While pensioners enjoy buying food, welfare recipients enjoy redeeming food stamps. The difference here is not palpable when considering that both are taxpayer funded and that food stamps represent tax dollars or debt funded by taxpayer debt. Either way you look at it, the taxpayers are feeding both welfare recipients and public pensioners.

All of this pride is based on the illusion that these benefits are based solely on years of personal contributions and savings by pensioners, while not comprehending (or not knowing) that most of their benefits are indeed publicly paid for.

And to be quite frank… I personally have much more resentment that for my whole working life I have been paying for the pensions of government workers while knowing that I will never receive any benefit for doing so, and that at my own retirement I will only have what I saved myself and anything I can scrounge from Social Security. In fact, I really have no problem contributing to the welfare system because some day it might actually save myself, a friend, or a family member from becoming homeless and totally destitute – I may actually receive a benefit from my own tax if I need it. And the fact that complete strangers that would otherwise suffer and starve without this subsistence certainly doesn’t create the same feeling that it does to think of public pensioners living high on the hog after taking early retirement and receiving monthly stipends for life simply for not working as long as all the taxpayers funding that pension fund.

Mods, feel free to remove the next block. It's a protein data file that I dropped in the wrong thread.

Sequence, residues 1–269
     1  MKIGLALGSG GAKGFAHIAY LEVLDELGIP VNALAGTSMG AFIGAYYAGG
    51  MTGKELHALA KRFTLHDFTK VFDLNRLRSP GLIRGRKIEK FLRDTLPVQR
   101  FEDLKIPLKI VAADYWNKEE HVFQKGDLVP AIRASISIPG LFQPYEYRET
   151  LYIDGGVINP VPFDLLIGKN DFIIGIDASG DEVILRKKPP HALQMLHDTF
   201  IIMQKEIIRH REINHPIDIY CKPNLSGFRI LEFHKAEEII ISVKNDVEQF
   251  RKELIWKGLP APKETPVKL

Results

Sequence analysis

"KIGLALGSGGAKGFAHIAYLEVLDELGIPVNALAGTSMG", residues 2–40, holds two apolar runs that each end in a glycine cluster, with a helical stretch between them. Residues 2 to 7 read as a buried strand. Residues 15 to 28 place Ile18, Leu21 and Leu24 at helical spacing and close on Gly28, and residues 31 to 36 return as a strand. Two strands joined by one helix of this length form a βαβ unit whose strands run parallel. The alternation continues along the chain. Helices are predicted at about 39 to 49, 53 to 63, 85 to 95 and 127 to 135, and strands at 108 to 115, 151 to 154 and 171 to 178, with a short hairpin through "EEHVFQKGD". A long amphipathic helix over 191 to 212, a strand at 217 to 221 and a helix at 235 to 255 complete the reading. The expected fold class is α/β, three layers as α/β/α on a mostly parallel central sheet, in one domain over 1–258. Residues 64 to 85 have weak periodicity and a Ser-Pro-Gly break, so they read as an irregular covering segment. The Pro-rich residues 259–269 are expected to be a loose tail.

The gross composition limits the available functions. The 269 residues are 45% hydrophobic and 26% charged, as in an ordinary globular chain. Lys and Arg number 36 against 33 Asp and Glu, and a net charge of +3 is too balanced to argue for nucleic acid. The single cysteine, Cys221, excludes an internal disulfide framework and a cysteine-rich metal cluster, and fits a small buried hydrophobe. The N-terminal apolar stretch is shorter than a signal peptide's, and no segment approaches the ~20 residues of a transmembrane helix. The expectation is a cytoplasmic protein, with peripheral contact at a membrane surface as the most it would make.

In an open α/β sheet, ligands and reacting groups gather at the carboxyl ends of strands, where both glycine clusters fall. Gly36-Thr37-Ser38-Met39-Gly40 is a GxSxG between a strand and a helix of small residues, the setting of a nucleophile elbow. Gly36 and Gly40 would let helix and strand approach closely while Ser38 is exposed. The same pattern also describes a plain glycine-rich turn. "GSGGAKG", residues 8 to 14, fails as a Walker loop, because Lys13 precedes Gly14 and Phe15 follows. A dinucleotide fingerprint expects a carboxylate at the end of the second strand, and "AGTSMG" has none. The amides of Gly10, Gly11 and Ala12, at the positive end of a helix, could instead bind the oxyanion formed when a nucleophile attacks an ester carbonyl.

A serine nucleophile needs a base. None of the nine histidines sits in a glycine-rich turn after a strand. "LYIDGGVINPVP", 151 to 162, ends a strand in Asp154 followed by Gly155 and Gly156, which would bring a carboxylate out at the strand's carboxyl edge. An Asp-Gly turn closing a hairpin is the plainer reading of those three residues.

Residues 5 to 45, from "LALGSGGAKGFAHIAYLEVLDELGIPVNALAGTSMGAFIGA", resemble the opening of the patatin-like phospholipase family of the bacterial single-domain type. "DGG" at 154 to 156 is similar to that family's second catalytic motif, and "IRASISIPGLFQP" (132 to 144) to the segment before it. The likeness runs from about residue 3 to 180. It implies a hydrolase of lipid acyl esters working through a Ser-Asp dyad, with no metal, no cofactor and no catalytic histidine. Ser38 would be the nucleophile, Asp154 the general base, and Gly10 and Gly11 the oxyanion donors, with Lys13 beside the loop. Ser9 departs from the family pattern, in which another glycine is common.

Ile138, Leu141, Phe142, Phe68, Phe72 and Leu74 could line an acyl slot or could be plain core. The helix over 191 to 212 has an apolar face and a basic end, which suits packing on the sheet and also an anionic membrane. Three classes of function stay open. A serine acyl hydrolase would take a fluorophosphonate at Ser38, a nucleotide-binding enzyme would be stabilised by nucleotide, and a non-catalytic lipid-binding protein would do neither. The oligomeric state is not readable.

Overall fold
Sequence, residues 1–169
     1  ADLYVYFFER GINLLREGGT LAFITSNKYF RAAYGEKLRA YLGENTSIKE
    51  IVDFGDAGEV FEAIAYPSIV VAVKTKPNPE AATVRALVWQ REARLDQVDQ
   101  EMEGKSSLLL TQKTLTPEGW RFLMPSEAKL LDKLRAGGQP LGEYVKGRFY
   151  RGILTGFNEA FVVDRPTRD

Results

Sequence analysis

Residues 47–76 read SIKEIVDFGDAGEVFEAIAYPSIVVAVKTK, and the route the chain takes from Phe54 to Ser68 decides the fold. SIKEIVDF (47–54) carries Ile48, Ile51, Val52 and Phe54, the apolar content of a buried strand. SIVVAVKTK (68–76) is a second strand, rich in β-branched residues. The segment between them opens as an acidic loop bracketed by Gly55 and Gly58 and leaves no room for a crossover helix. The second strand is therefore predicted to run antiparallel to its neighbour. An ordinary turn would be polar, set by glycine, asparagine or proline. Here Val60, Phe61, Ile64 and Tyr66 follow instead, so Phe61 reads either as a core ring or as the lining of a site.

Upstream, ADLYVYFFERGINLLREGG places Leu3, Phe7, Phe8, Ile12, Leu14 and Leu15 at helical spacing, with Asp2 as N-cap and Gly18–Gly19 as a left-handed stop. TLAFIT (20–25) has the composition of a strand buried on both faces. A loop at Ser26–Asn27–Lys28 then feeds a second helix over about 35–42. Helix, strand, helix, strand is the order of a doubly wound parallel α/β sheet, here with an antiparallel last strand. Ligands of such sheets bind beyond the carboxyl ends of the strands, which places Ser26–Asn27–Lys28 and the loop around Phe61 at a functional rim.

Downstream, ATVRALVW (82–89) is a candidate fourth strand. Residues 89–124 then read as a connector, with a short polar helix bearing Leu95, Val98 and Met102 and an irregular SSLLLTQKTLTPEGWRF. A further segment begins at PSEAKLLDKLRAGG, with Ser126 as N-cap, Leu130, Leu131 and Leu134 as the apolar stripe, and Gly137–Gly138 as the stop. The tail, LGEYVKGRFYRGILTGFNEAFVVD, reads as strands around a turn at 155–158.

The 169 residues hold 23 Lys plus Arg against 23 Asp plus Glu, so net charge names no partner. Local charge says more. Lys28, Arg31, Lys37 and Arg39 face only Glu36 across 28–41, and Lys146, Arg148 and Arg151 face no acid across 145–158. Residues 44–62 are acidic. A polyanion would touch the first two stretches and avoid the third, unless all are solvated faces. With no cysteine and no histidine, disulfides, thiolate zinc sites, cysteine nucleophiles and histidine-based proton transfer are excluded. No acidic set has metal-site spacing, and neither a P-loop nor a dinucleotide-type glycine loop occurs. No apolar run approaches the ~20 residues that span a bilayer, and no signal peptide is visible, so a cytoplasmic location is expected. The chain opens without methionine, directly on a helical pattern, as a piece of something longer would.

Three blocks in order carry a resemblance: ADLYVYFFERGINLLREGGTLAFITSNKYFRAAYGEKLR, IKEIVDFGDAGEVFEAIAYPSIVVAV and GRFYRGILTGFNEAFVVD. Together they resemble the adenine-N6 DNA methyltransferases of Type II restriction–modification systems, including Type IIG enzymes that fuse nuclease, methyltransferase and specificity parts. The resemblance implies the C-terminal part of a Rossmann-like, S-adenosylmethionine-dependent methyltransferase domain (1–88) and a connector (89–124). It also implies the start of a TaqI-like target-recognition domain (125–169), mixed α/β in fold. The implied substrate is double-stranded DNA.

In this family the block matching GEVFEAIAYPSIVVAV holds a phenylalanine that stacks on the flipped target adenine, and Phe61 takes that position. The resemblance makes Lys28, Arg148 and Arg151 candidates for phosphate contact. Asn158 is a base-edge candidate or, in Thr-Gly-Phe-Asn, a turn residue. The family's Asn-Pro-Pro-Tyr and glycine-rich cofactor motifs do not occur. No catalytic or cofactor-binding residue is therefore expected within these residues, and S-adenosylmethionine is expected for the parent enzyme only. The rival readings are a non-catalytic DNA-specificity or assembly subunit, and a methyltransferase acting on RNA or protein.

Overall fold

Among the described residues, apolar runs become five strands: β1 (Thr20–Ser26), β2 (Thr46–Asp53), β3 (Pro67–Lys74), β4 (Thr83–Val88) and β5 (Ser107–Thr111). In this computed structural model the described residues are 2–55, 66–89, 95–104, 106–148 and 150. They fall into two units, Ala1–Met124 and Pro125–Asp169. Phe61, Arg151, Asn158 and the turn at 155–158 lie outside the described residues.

And for those pensioners who just cannot comprehend that what I am saying here is true; that pensioners are welfare receivers based on the collection of taxpayer money, I would like to show you just how much money is spent on the welfare system by all taxpayers and how much is spent on the public pension system by all taxpayers…

I was happy to find that someone else had actually done the research to break down how much taxpayer money is paid for welfare and public pensions by government. Of course, the term “paid for by government” means paid for by taxpayer money. And when this is reported in the financial reports of public pension funds, it is stated as being paid for by “employers” or by the “state”. The employer is government, and again government is funded by taxpayer money. Never forget this, pensioners.